Because of this doctrinal dilemma, without acknowledging the consequences taught in Alma 12, we may formulate legalistic escape clauses from great knowledge taught in an earlier era by arbitrarily requiring doctrine to be something that must be repeated by many authorities of the church in order to be valid. As if the repetition or a truth or a lie makes it valid by the number of people who repeat it.

A teaching repeated often does not a truth make. (But it does make something in the church a generally accepted teaching.)

Of course the Holy Ghost solves this problem for all of those who repent sufficiently of their hardened hearts, and jealousies and fears sufficient to receive an abundance of the mysteries of God. But it needs to happen collectively if we are to be redeemed from the self-satisfied state of believing we are favored of God when he has signaled his disfavor through four generations of virtual revelatory silence.

Christ also gave us a warning and sign to know if we, in the latter-days, would be condemned. As Moroni recorded:

“8 And these things have I written, which are a lesser part of the things which he taught the people; and I have written them to the intent that they may be brought again unto this people, from the Gentiles, according to the words which Jesus hath spoken.

And when they shall have received this, which is expedient that they should have first, to try their faith, and if it shall so be that they shall believe these things then shall the greater things be made manifest unto them.

10 And if it so be that they will not believe these things, then shall the greater things be withheld from them, unto their condemnation.

11 Behold, I was about to write them, all which were engraven upon the plates of Nephi, but the Lord forbade it, saying: I will try the faith of my people” (3 Nephi 26: 8-11).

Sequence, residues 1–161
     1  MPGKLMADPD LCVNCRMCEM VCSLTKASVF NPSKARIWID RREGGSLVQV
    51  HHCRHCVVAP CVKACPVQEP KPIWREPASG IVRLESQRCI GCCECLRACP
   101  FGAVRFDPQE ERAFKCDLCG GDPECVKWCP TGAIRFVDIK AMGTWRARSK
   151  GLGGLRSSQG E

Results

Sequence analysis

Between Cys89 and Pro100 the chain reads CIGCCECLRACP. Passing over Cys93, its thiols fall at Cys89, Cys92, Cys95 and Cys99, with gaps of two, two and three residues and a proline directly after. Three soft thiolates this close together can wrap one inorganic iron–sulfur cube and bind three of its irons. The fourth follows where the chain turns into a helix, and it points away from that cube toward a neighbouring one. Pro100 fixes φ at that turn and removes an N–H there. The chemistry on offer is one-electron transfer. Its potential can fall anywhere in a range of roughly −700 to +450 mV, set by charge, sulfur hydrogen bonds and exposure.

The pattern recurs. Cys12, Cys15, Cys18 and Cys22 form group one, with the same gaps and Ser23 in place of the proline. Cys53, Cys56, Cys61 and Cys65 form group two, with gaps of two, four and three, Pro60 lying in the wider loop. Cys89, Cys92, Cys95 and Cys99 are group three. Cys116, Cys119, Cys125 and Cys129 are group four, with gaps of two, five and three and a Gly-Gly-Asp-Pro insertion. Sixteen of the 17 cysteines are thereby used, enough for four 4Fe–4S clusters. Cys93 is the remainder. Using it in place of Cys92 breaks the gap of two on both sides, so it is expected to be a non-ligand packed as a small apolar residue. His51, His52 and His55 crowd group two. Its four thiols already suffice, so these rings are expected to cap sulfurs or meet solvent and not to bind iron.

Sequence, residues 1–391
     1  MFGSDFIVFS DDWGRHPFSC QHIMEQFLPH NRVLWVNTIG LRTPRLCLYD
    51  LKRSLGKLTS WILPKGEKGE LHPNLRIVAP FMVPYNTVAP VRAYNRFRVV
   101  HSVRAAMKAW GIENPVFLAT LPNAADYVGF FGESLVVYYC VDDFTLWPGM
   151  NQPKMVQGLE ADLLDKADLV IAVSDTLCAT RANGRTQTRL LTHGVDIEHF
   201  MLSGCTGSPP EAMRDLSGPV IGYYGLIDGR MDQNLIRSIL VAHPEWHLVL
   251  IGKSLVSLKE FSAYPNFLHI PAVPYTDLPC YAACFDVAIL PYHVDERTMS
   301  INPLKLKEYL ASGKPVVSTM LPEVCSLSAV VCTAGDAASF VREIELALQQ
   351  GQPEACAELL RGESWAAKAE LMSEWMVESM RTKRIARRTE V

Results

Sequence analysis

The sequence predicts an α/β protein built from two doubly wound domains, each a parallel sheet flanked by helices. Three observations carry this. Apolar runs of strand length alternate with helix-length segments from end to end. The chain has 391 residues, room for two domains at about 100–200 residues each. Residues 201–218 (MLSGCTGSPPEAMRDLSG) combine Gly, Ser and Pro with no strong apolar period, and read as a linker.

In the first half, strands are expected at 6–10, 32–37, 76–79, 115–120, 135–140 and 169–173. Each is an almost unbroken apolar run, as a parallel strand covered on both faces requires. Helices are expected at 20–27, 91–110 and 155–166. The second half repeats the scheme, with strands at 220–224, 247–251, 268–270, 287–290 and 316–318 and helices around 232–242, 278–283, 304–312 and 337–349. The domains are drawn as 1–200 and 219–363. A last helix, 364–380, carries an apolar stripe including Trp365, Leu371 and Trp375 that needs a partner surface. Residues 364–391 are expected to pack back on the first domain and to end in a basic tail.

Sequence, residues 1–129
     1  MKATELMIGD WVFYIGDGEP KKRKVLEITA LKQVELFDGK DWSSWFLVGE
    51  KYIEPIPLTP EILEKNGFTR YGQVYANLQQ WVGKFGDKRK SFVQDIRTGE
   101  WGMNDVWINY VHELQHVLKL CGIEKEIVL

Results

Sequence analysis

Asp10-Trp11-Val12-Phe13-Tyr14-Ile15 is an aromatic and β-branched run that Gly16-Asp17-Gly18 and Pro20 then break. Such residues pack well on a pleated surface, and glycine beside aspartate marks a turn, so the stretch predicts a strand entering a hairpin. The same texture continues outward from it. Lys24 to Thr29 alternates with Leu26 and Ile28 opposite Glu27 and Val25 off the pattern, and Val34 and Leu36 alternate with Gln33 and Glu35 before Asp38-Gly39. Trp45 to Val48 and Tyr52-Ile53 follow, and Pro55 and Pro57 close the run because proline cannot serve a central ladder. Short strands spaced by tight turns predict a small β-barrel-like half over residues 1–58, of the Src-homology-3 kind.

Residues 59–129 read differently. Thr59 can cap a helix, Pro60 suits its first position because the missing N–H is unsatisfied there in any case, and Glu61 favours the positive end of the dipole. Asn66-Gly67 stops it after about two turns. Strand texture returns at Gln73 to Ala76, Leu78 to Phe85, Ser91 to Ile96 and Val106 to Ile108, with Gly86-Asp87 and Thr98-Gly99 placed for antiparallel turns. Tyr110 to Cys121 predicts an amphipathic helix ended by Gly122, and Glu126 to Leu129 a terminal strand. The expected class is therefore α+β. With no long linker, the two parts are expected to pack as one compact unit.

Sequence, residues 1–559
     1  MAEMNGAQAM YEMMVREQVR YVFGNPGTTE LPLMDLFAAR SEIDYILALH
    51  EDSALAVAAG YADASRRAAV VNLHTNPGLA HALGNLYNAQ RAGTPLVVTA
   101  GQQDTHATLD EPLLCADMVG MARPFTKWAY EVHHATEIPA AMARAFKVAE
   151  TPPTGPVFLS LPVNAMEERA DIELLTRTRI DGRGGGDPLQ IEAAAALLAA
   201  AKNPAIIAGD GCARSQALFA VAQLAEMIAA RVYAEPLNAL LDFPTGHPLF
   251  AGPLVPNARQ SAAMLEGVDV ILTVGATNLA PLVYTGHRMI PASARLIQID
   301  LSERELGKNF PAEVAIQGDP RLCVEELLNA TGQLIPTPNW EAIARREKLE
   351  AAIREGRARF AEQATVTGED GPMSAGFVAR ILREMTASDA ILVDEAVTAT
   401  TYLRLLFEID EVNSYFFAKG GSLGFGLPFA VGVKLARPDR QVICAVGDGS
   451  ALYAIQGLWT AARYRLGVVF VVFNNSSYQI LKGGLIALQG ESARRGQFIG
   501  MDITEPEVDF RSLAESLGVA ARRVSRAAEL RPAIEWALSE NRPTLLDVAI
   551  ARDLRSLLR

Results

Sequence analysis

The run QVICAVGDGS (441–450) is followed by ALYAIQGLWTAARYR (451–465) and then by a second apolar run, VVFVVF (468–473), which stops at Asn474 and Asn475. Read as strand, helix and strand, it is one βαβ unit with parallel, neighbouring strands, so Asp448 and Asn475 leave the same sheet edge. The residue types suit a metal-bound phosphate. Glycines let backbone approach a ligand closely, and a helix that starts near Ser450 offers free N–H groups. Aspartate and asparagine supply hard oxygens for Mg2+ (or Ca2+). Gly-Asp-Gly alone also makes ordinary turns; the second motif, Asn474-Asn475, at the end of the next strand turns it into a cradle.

Have we received the greater portion? If we haven’t, Christ has taught us it is because we are in a state of condemnation. Christ said he would try our faith. We have yet to receive the fruit of having exercised faith sufficient to remove us from our condemnation.

This should inform us that what we should be very careful as to what we believe about ourselves and our understanding of doctrine. We are never collectively static. We are either increasing or decreasing. And so it seems that when considering how we propose what is, or isn’t, “doctrinal” we should be humble enough to understand that our doctrine may or may not comply to the truth of what the Lord has yet to reveal, or may have already revealed.

For this reason, I am always intently focused on what we consider “doctrine”. But more importantly, I am far more interested in what is true.

Author: Todd McLauchlin

This is an LDS site that is dedicated to the invitation of the gospel of Jesus Christ to awake and arise to the great promises of redemption and transformation. My name is Todd Mclauchlin and I am a member of the Church of Jesus Christ of Latter Day Saints. I have a love of the Gospel of Jesus Christ and would like to share openly my feelings, testimony, and personal perspectives of the Doctrine of Christ. I currently reside in Draper, Utah.